Thursday, April 7, 2011


Hint-After saying hello and welcoming them mention how pleased the students are to be able to share aspects of their school work and classroom. Also say thank you on behalf of the other students for taking the time to come and also thanks for all the support they give you at home. Then finish with saying you hope they enjoy the day.
 Parents Day is a gesture of honor given children by to their parents to show their love and respect for them. It is a perfect gift of recognizing the educational and proclamation efforts that parents put in the upbringing of their children.
Parents Day is considered very special society as it acknowledges the dedication and unconditional love and support that parents give to their children despite of any problem they face in life to accomplish it.
The support of parents is considered to be very important in the growth and development of the children in both emotional and academic front. The day provides an excellent medium to maintain good communication between two generations and helps in building the emotional and mental bond stronger.
The entire family comes together to celebrate this event with great enthusiasm and gusto.
For parents, the day is the acknowledgment of their successful transformation from man and woman to husband and wife, and thus to a stronger connection of being a parent together. It shows that the efforts they have put in the upbringing of their children are right and are in the right direction.
Thinking & Wisdom
It is difficult to learn. It is even more difficult to apply one’s learning to a given task, and yet that is what our school community aims for: providing students with the knowledge, skills and confidence so that they can indeed make good changes in the world. The teachers at Riverdale Country School have all talked about basic skills and ensuring that students leave with the type of cultural capital that they need to move on to the next steps in their education; however, the teachers here really want to focus on having students develop as critical and creative thinkers. We put a real emphasis on thinking and that is not easy to teach. Good thinking is achieved by working as an apprentice to an experienced mentor, in learning to ask good questions and to propose effective arguments alongside a skilled practitioner. I hope that you will actively support this quest to have your sons and daughters become good thinkers by coaching them through the process. This means supporting them, as mentioned in the article to which I sent you the link on Carol Dweck’s work in my August letter. She asks us all, teachers and parents, to focus on the effort that young people put into a challenging task rather than praising their intelligence or innate abilities. This will help them be better learners. As they develop as critical thinkers at the school, I hope they will also engage in wonderful debate at the communal dinner table with you in the evening. This takes the work of the classroom and makes it tangible for young people by making learning authentic. We must all take the time to engage in informal dialogue with our children about issues that are of importance to them so that they can start to make concrete connections between their lives and the academic disciplines they are studying. This is a point made by research into the brain and cognition, to retain knowledge it has to be actively connected to prior knowledge and experience. I hope to see us use such research into cognition and learning to inform robustly our classroom practices—I believe that this is a professional obligation for educators.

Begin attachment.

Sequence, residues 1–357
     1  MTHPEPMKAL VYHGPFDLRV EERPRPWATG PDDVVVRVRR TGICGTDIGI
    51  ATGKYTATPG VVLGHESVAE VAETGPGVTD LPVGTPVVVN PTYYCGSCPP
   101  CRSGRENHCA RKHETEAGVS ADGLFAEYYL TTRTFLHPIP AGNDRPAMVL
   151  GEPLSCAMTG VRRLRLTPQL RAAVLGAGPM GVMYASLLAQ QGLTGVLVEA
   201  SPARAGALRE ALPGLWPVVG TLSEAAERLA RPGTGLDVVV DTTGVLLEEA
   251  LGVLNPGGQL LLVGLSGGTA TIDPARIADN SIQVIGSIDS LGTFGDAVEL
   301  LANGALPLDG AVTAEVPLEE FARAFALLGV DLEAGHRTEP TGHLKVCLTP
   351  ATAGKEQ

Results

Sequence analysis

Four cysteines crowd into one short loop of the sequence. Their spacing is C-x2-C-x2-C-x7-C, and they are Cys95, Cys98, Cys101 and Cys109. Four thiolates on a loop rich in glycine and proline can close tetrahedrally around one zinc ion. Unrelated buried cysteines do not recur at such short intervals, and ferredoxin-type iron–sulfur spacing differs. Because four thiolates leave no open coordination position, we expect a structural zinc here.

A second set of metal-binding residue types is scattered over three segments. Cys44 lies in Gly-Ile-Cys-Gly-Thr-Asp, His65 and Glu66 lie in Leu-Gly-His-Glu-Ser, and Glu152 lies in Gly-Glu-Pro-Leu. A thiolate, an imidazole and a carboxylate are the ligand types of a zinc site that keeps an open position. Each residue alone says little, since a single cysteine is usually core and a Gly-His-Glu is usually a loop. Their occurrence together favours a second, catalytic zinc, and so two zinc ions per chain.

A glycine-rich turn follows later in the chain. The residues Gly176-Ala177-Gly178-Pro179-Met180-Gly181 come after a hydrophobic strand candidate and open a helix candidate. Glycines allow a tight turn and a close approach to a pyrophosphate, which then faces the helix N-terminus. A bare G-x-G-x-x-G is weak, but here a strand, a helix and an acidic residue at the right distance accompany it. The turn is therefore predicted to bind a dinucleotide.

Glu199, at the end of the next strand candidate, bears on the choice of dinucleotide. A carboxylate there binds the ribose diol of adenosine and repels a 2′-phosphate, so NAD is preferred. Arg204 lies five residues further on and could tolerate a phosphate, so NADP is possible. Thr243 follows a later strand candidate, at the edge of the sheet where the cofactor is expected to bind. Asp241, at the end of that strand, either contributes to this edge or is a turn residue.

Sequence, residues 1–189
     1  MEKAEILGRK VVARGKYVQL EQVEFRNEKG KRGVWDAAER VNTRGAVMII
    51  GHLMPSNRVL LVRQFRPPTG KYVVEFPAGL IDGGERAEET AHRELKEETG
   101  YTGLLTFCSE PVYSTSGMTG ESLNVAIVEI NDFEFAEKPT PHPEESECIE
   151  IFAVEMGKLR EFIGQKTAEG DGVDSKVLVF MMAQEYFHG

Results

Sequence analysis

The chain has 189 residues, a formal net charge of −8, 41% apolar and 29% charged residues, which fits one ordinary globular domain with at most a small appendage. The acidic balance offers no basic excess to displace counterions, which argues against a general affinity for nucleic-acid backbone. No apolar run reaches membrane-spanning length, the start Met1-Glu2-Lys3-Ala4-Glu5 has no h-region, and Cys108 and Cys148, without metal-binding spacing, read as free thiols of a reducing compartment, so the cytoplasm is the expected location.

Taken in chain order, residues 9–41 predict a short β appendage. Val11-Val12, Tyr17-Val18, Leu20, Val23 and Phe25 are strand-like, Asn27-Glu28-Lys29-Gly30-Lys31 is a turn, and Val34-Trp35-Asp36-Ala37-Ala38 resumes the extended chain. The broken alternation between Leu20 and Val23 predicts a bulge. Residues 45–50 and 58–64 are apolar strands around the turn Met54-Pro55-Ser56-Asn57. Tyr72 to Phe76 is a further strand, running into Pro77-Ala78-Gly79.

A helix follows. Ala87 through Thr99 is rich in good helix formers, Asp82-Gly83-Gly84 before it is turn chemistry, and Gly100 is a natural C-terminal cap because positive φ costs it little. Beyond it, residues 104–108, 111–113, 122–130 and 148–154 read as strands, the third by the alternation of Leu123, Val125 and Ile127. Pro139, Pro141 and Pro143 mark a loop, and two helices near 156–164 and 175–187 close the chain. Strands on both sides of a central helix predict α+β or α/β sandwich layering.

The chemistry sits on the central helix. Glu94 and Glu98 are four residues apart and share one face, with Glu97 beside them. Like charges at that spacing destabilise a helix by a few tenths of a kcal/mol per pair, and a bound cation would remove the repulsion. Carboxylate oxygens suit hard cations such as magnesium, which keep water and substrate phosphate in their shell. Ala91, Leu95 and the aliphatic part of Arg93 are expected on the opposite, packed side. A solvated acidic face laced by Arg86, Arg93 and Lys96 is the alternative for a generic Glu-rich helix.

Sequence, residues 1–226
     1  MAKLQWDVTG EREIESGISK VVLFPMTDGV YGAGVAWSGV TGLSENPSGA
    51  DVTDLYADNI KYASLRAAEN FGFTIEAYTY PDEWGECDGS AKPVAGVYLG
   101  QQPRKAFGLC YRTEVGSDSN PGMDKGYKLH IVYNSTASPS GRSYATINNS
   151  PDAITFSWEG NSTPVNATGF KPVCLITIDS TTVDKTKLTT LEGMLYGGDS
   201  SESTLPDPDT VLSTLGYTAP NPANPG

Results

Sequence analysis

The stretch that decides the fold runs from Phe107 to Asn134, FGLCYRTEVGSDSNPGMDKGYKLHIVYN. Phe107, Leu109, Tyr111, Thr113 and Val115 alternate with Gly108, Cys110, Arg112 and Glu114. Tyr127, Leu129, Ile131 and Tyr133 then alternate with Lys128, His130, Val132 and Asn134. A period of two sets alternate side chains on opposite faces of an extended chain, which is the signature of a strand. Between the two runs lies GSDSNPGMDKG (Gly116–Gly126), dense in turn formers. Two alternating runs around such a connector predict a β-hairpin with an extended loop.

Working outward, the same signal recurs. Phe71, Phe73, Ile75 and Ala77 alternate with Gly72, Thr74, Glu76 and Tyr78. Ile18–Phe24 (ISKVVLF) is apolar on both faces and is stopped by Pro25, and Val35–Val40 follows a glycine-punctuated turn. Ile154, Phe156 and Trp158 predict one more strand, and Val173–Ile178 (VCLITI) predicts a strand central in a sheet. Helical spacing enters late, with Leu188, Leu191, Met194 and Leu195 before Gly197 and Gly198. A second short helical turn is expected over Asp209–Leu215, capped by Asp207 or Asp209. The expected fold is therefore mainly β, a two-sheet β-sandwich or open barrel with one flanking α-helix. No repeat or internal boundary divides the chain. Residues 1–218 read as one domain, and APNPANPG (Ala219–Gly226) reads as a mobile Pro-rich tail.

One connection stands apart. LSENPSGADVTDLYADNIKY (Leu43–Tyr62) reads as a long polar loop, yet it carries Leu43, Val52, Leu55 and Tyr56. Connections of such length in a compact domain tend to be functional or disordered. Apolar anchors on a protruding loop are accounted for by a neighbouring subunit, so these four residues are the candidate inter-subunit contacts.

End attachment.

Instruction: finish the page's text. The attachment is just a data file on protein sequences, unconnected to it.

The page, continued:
I know that your children will develop as thinkers as they move through the school, but I would like us to push even further. I would like us to think about developing wise children. I know that sounds like an oxymoron to some degree since adolescents are not usually wise and perhaps should not be wise all the time. Nonetheless, I would like to have our students develop as wise learners in the classroom, becoming self-disciplined and being able to evaluate their own learning, but also show such wisdom on the athletic fields as they interact with other teams and in their own lives as they think twice about the life decisions they face. To my mind, wisdom is not something you suddenly achieve in your dotage, but rather has to start being developed from an early age as Robert Sternberg, the noted psychologist has observed. Therefore, let us all think of ways to have our young people become wiser, and thus, more successful leaders, citizens and human beings.


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